This week for class I was asked to look at a few academic articles about how privacy online (or at least, assuming that you have privacy online) affects the way people act. I think right now we are at a place where the internet is still making a transition between being almost completely anonymous and having all of your actions linked to your public identity. The original internet was not as “social” as the internet is now; a lot of websites were not open to input from their readers except indirectly through emails to the webmasters or in very limit ways like guestbooks. This changed when things like forums and chatrooms got popular. In these places, talking about your real identity was totally optional; most people did not share their real name but instead communicated through anonymous usernames. Some of them even took this anonymity as a chance to act out different personas than the one they were stuck with in real life. In Sherry Turkle’s article “Cyberspace and Identity” from 1999 (JSTOR link, if you have access), she talks about this stage of the internet; the article is full of dated technology references, but it is useful as a time capsule. At this time, Turkle and a lot of other people assumed the internet would stay anonymous, and this directed the way she thought about the effects it would have on people psychologically.
Check out this long quote to see what I mean:
“These more positive identity effects follow from the fact that for some, cyberspace provides what Erik Erikson (1963) would have called a “psychosocial moratorium,” a central element in how he thought about identity development in adolescence. Although the term moratorium implies a “time out,” what Erikson had in mind was not withdrawal. On the contrary, the adolescent moratorium is a time of intense interaction with people and ideas. […] Erikson’s notion of the moratorium was not a “hold” on significant experiences but on their consequences. It is a time during which one’s actions are, in a certain sense, not counted as they will be later in life. They are not given as much weight, not given the force of full judgment. In this context, experimentation can become the norm rather than a brave departure. Relatively consequence-free experimentation facilitates the development of a “core self,” a personal sense of what gives life meaning that Erikson called ‘identity.'”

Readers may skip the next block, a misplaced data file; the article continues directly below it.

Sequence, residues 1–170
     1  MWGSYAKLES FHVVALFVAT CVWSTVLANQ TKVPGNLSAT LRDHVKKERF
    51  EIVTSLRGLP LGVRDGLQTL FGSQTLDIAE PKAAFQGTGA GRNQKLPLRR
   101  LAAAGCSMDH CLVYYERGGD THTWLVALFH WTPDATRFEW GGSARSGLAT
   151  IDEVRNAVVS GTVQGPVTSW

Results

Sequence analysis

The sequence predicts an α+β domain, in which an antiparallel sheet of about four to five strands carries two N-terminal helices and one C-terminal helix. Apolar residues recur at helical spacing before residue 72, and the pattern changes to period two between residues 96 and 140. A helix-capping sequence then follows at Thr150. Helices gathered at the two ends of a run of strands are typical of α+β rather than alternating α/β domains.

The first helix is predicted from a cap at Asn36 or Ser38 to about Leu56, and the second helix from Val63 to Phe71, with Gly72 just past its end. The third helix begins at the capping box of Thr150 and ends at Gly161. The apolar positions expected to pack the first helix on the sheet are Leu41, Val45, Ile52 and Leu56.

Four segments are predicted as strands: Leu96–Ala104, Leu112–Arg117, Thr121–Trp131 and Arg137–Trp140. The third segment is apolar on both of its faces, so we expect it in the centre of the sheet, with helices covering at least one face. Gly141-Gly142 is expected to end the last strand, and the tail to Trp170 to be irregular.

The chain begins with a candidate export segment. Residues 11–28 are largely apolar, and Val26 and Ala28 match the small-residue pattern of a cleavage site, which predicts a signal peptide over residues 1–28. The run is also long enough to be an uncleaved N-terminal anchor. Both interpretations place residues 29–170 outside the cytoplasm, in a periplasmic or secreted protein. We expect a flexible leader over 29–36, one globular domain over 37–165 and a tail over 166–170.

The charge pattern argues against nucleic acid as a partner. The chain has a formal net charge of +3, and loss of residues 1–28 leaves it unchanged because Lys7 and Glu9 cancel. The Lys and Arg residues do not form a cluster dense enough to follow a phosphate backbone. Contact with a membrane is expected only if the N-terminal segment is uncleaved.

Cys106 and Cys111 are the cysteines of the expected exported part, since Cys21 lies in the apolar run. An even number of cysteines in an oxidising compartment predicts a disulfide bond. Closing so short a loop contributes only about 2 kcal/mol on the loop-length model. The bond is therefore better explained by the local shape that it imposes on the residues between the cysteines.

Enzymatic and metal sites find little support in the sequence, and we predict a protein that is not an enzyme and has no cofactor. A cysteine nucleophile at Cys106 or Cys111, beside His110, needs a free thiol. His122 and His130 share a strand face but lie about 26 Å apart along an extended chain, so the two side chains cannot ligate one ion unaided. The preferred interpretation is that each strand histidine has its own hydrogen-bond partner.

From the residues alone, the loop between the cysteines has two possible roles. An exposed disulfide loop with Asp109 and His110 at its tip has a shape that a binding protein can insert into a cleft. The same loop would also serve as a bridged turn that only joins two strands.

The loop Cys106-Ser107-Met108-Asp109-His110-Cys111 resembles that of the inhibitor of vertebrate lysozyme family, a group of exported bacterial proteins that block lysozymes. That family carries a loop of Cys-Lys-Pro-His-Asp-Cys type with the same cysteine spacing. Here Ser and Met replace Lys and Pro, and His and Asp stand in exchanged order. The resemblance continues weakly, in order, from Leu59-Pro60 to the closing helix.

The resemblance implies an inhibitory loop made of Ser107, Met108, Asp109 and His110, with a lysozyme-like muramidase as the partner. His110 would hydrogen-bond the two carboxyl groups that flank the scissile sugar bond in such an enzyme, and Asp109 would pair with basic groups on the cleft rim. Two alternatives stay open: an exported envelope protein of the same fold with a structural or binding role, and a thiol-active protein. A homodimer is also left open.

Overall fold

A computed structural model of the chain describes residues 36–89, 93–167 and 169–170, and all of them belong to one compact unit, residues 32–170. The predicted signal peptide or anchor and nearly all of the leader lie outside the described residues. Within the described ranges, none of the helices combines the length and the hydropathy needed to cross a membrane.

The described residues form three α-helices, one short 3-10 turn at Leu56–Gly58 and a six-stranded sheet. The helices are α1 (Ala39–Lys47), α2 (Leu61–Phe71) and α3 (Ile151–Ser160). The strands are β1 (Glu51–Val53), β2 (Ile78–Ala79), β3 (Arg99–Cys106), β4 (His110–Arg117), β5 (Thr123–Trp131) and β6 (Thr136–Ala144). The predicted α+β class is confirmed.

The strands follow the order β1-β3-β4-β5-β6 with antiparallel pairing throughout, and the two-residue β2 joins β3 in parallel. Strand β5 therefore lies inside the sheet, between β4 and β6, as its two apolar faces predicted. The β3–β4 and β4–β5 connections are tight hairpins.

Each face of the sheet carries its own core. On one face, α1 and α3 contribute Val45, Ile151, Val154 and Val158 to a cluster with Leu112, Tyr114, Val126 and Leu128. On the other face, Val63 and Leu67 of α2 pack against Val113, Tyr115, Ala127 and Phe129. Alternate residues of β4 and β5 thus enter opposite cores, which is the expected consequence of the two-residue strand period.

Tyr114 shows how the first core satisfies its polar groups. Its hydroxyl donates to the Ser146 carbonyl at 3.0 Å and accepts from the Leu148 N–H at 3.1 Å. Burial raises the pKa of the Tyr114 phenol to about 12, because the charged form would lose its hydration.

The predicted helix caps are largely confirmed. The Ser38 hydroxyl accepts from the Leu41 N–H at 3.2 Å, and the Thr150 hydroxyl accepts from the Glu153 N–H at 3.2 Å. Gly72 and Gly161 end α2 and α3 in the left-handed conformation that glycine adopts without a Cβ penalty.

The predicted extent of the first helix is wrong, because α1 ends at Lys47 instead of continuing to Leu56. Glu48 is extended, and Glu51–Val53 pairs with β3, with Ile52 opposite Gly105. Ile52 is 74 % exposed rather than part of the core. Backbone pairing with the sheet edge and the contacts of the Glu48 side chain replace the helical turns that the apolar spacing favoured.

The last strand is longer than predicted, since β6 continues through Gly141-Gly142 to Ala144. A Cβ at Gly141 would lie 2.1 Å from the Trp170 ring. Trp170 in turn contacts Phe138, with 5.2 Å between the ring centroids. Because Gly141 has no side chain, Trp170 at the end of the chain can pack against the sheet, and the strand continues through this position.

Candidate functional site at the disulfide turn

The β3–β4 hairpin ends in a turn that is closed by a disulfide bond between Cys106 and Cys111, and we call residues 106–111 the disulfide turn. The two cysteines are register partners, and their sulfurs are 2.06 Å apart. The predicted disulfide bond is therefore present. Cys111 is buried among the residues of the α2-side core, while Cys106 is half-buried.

Turkle saw this kind of freedom from being judged as being potentially a good thing; people were more free to act out feelings and personas they repressed in real life, and this would give them experiences that would lead to better overall psychological health. This anonymous internet still exists, in communities like reddit and 4chan, on twitter, and in comment sections on popular websites. It is worth saying though that a lot of these places are sources of some of the worst the internet has. Freedom from judgment also means freedom from responsibility for what one says or does, and this is not always a good thing. People say horrible things from behind their usernames, spread hatred and in some bad cases even engage in criminal activities; there is an argument about whether they would do these things anyway, or whether they happen because they are given license by being anonymous.
In any case, for better or for worse the anonymous internet is getting smaller all the time. In Boyd & Ellison’s article “Social Network Sites: Definition, History, and Scholarship” (again, link if you have access), they give a really pretty good history of social networks from the early internet days to the expansion to public of Facebook in 2006. The most interesting part of the article to me was this section about the early social network Friendster, which could have been the first social media giant but made some bad decisions and lost out. Their failing taught the others a lot of lessons, but one thing they had in common with Facebook was their dislike of anonymity: